Why Genomic Data?

Genomic data, including deoxyribonucleic acid (DNA) sequences, variants, and gene activity, has fueled the rapid growth of the U.S. bioeconomy. However, this valuable information is subject to cybersecurity and privacy concerns that are inadequately addressed with current policies, guidance documents, and technical controls. NCCoE's forthcoming guidance aims to help organizations assess, tailor, and prioritize their risk mitigation strategies and cyber investments for genomic data.

PRC State-Sponsored Actors Compromise and Maintain Persistent Access to U.S. Critical Infrastructure

The Cybersecurity and Infrastructure Security Agency (CISA), National Security Agency (NSA), and Federal Bureau of Investigation (FBI) assess that People’s Republic of China (PRC) state sponsored cyber actors are seeking to pre position themselves on IT networks for disruptive or destructive cyberattacks against U.S. critical infrastructure in the event of a major crisis or conflict with the United States.
Actions to take today to mitigate Volt Typhoon activity:
• Apply patches for internet-facing systems. Prioritize patching critical vulnerabilities in appliances known to be frequently exploited by Volt Typhoon.
• Implement phishing-resistant MFA.
• Ensure logging is turned on for application, access, and security logs and store logs in a central system.
CISA, NSA, FBI and partners released this advisory to warn critical infrastructure organizations about this assessment, which is based on observations from the U.S. authoring agencies’ incident response activities at critical infrastructure organizations compromised by the PRC state-sponsored cyber group known as Volt Typhoon (also known as Vanguard Panda, BRONZE SILHOUETTE, Dev-0391, UNC3236, Voltzite, and Insidious Taurus)
The U.S. authoring agencies have confirmed that Volt Typhoon has compromised the IT environments of multiple critical infrastructure organizations—primarily in Communications, Energy, Transportation Systems, and Water and Wastewater Systems Sectors—in the continental and non continental United States and its territories, including Guam. Volt Typhoon’s choice of targets and pattern of behavior is not consistent with traditional cyber espionage or intelligence gathering operations, and the U.S. authoring agencies assess with high confidence that Volt Typhoon actors are pre-positioning themselves on IT networks to enable lateral movement to OT assets to disrupt functions. The U.S. authoring agencies are concerned about the potential for these actors to use their network access for disruptive effects in the event of potential geopolitical tensions and/or military conflicts. CCCS assesses that the direct threat to Canada’s critical infrastructure from PRC state sponsored actors is likely lower than that to U.S. infrastructure, but should U.S. infrastructure be disrupted, Canada would likely be affected as well, due to cross-border integration. ASD’s ACSC and NCSC-NZ assess Australian and New Zealand critical infrastructure, respectively, could be vulnerable to similar activity from PRC state-sponsored actors.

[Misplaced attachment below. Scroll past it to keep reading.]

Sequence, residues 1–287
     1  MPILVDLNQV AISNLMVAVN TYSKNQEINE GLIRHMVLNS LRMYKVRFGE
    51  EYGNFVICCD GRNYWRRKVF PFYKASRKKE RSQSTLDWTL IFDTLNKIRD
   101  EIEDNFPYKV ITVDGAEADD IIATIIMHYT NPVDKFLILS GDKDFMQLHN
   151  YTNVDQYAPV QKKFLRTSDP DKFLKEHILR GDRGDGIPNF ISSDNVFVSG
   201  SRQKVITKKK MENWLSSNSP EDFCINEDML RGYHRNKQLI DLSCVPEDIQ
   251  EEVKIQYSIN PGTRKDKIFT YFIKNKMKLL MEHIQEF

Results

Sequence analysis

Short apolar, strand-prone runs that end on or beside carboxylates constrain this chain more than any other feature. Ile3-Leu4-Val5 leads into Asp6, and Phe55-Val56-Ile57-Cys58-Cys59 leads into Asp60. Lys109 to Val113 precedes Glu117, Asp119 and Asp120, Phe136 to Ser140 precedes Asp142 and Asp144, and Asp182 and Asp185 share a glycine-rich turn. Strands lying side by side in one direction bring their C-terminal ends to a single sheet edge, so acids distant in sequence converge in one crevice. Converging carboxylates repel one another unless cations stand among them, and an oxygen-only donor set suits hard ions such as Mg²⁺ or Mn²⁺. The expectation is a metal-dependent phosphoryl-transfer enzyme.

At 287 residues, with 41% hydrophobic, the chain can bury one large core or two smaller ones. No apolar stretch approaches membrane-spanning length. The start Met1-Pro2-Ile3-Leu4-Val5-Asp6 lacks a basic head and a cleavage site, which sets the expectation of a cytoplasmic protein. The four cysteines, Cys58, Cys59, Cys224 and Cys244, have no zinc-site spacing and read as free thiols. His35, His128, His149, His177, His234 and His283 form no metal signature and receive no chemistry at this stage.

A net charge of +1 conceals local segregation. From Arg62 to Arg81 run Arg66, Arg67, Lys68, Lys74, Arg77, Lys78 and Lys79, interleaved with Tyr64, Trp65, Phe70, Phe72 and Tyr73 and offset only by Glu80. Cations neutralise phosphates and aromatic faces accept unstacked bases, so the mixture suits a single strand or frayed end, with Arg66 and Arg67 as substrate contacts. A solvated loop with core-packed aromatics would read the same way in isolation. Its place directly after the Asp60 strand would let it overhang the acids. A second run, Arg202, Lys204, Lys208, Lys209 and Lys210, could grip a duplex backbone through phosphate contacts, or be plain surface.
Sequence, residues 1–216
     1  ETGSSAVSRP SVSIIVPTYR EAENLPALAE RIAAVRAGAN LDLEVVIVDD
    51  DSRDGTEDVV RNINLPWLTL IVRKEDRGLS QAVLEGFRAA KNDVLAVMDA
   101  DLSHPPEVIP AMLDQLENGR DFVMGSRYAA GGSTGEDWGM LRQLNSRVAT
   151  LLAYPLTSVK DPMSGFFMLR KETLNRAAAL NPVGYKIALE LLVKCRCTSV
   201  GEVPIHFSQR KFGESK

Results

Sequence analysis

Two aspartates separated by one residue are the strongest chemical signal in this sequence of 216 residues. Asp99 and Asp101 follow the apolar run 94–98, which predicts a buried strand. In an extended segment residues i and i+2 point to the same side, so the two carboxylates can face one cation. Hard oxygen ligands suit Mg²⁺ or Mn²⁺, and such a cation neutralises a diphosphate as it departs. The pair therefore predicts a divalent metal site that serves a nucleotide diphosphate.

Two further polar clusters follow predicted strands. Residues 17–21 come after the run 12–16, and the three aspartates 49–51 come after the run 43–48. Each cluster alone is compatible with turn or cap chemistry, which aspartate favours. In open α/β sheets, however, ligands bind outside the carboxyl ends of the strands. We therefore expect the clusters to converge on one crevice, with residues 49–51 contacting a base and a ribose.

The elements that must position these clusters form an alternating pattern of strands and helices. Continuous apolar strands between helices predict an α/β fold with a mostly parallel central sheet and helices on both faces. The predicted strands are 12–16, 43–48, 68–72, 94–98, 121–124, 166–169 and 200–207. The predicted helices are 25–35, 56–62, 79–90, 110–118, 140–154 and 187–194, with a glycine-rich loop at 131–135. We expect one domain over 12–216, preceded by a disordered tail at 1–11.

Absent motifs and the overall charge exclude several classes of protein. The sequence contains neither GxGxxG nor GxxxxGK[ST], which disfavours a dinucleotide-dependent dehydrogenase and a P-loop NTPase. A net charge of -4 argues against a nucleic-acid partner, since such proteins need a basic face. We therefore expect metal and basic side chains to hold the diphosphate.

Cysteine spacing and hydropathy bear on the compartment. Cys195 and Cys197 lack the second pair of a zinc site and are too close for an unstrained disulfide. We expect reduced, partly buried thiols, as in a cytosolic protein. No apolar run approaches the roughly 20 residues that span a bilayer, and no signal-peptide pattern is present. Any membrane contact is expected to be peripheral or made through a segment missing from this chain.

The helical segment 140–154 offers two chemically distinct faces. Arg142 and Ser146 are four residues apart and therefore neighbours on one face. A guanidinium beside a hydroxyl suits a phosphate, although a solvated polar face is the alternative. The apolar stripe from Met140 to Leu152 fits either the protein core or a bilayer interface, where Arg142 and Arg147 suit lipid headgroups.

As the authoring agencies have previously highlighted, the use of living off the land (LOTL) techniques is a hallmark of Volt Typhoon actors’ malicious cyber activity when targeting critical infrastructure. The group also relies on valid accounts and leverage strong operational security, which combined, allows for long-term undiscovered persistence. In fact, the U.S. authoring agencies have recently observed indications of Volt Typhoon actors maintaining access and footholds within some victim IT environments for at least five years. Volt Typhoon actors conduct extensive pre-exploitation reconnaissance to learn about the target organization and its environment; tailor their tactics, techniques, and procedures (TTPs) to the victim’s environment; and dedicate ongoing resources to maintaining persistence and understanding the target environment over time, even after initial compromise.
The authoring agencies urge critical infrastructure organizations to apply the mitigations in this advisory and to hunt for similar malicious activity using the guidance herein provided, along with the recommendations found in joint guide Identifying and Mitigating Living Off the Land Techniques.
These mitigations are primarily intended for IT and OT administrators in critical infrastructure organizations. Following the mitigations for prevention of or in response to an incident will help disrupt Volt Typhoon’s accesses and reduce the threat to critical infrastructure entities.
If activity is identified, the authoring agencies strongly recommend that critical infrastructure organizations apply the incident response recommendations in this advisory and report the incident to the relevant agency.

Global ransomware threat expected to rise with AI, NCSC warns

Artificial intelligence (AI) is expected to increase the global ransomware threat over the next two years cyber chiefs have warned in a new report published.
The near-term impact of AI on the cyber threat assessment, published by the National Cyber Security Centre (NCSC), a part of GCHQ, concludes that AI is already being used in malicious cyber activity and will almost certainly increase the volume and impact of cyber attacks – including ransomware – in the near term.